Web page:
crossover network in the speaker. The active crossover then
to multiple power amplifiers.
If the noise you hear comes from the tweeter or the midrange speakers, it means your amplifier is noisy; if the noise comes from the woofer, then the internal amplifier (it has its own) of the speaker is noisy. If both speakers are noisy, it is most probable that the "static noise" you hear comes from the external amplifier, which you will have to check or change.
the conductor xxx\blk is the minus or black( from speaker) the outher is positive\red pin from speaker) the woofer is bigest speaker inside is connected on the crossover at low output, tweeter at high output, if you connect wrong you can burn speakers and crossover, you can test with very low volume on amplifier.
1st connect low to woofer, it only her low freq below 500Hz like drums and bass, if connect on med out the speaker is working as handpocket old radio audio. if connect on high the speaker is like no audio out. (the woofer take about 60-75% of amp power).
2nd connect the midrange at mid output you can listen to human voice cristal clear. if connect on high output you listem like esteric female shouting.
And connect the tweeter at the empty output
Take particular attention on polarity terminals, if you exchange the polarity you have a moofle sound traped inside of speaker, and some structered box noise who may open the box panels in future.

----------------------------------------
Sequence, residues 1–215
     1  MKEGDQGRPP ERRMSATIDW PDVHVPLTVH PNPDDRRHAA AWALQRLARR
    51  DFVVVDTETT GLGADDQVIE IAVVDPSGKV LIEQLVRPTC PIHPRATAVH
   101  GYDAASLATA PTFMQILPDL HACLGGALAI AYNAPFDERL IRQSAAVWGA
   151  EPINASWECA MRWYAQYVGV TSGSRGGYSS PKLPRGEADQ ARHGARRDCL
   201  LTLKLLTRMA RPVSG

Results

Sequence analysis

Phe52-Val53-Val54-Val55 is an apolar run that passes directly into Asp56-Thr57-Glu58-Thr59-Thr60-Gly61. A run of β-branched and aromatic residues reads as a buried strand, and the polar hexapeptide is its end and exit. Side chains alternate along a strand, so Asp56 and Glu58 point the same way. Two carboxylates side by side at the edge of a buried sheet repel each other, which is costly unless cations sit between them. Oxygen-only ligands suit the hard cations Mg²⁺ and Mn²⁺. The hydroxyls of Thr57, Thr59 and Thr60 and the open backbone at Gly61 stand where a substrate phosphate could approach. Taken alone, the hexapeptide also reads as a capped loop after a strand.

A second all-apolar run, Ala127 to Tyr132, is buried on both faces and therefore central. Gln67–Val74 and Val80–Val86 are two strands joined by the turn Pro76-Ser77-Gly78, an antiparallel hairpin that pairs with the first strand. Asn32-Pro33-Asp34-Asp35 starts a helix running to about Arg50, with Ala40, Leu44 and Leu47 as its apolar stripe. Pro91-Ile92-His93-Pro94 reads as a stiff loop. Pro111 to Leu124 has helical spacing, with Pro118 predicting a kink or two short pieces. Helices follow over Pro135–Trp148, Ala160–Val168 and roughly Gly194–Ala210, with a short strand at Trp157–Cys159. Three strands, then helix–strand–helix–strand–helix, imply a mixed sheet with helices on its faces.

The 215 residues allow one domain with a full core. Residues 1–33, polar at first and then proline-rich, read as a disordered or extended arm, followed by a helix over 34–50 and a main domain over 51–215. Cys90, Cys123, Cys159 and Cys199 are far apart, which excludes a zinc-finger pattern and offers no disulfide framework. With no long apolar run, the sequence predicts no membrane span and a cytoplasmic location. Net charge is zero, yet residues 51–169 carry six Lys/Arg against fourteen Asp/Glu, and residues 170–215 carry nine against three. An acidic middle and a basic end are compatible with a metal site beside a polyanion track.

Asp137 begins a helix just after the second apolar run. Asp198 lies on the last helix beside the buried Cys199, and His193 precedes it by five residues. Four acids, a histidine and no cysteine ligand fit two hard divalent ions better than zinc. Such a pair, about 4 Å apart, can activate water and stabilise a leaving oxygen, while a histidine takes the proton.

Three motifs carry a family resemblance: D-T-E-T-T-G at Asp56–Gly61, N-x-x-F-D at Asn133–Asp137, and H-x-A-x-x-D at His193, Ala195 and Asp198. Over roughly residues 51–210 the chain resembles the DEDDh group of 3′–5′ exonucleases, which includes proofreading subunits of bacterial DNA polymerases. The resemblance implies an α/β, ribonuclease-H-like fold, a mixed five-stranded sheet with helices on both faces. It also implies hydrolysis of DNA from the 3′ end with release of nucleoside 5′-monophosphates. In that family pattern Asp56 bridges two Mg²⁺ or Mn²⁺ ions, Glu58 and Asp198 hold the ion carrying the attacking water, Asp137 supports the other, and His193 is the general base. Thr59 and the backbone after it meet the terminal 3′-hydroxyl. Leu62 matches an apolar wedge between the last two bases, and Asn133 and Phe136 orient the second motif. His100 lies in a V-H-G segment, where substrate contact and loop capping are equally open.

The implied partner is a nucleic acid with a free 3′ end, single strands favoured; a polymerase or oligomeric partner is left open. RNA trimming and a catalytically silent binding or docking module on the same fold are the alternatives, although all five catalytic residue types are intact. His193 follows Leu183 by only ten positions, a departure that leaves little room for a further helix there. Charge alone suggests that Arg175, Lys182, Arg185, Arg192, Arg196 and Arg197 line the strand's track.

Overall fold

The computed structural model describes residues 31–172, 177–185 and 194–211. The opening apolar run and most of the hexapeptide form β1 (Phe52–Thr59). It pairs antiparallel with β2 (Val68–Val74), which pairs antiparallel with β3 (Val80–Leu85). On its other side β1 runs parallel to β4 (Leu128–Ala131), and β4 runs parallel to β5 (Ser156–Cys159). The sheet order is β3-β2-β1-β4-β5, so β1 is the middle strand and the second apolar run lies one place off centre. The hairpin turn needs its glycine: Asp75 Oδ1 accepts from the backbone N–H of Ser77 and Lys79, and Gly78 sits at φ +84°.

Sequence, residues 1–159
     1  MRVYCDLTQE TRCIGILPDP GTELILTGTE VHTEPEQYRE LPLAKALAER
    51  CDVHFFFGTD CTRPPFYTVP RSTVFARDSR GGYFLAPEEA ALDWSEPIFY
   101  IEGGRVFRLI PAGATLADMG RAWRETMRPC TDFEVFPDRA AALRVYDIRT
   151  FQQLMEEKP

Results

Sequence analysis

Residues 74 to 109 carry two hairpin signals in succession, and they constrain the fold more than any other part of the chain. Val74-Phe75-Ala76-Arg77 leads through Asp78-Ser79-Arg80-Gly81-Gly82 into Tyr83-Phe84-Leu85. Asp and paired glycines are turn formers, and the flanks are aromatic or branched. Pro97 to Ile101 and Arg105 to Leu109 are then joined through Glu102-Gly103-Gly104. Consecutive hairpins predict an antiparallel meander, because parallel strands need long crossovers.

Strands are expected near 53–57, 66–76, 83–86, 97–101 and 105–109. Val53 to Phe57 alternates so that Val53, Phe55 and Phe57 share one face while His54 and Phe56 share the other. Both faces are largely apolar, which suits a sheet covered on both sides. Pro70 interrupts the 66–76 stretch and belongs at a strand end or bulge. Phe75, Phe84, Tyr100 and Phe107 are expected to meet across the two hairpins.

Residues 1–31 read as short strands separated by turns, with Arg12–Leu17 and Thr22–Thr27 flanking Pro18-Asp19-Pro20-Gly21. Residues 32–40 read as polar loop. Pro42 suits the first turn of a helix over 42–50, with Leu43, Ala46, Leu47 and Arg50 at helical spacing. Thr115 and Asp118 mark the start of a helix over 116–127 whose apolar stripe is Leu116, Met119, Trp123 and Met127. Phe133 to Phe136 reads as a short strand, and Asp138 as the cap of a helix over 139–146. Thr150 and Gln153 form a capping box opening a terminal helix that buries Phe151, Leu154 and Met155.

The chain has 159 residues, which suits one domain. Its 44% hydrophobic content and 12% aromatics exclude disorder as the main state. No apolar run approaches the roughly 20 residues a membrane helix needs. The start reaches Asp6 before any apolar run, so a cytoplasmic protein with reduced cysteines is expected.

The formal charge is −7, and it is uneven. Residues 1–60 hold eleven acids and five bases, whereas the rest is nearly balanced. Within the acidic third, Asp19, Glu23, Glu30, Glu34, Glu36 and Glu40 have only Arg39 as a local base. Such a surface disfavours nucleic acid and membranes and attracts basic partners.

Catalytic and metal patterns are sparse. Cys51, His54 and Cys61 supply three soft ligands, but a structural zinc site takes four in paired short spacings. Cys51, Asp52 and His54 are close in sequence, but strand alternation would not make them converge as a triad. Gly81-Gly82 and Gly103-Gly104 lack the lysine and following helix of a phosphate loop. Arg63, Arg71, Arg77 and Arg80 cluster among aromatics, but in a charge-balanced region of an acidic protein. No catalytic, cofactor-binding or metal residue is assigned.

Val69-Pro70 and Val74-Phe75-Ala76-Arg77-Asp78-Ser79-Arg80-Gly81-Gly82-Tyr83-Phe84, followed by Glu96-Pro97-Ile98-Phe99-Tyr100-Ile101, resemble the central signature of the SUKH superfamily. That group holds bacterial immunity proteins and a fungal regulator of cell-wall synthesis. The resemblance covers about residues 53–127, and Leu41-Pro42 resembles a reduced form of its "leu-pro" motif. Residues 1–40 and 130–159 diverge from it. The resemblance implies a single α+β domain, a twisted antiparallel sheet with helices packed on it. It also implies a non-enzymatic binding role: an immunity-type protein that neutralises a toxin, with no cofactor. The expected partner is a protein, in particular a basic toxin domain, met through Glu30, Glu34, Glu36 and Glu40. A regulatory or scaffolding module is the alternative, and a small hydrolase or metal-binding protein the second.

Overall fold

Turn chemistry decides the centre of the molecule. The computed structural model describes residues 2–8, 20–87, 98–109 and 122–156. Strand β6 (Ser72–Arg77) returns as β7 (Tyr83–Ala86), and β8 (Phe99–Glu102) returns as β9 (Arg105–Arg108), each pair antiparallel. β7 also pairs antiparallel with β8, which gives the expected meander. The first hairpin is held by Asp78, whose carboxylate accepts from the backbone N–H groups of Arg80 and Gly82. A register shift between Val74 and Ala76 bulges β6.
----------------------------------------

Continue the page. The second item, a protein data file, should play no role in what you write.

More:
Your amp is going into protection. The click you hear is a relay meant to protect your speakers and stereo. Check your speakers with an ohm meter for the the proper ohms ( listed on the speaker ) and physically try to push each woofer and midrange cone in gently to make sure it moves and is not stuck or frozen in place. A speaker may read correctly on an ohm meter if the woofer is ok but if the tweeter or midrange is not working it will cause the amp to go into protection mode. When you play music stick your ear up to each tweeter\midrange\woofer to ensure they are working. Your stereo could also be the culprit although usually if it plays music it is ok as long as you are not hearing loud pops. Loud pops are voltage spikes that indicate that a transistor\IC is breaking down and will eventually short. Good luck!
If the only problem is the tweeter, and the woofer is still working, you do not have a problem in the amplifier. The problem is the speaker. The tweeter is blown or you have a problem in the cross over network in the speaker.
You can always switch the speakers and connect them to the opposite channel. You can do this very easy at the back of the receiver where the speaker wires are at. Put the left speaker wires on the right speaker and the right speaker wires on the left speaker. If the same speaker still has no tweeter you know that the speaker is the problem.
The only way this could be a problem in the amplifier is if you have two different sets of inputs for each speaker, one being the low end for the woofer and the other being the high end for the mid range and tweeter. That would mean you have two sets of speaker wires going to each speaker. Each set of speaker wires would have a positive wire and a negative wire for a total of 4 wires going to each speaker. I don't remember this system being set up that way, but I could be wrong.
I hope this was helpful, you should be able to get the speaker fixed at an authorized Kenwood repair center in your area for a reasonable price. As a guide, my shop only charges $25 for the labor plus the cost of the tweeter to replace a tweeter. Any other shop should be similar. Kenwood does sell replacement drivers for almost all of their speakers.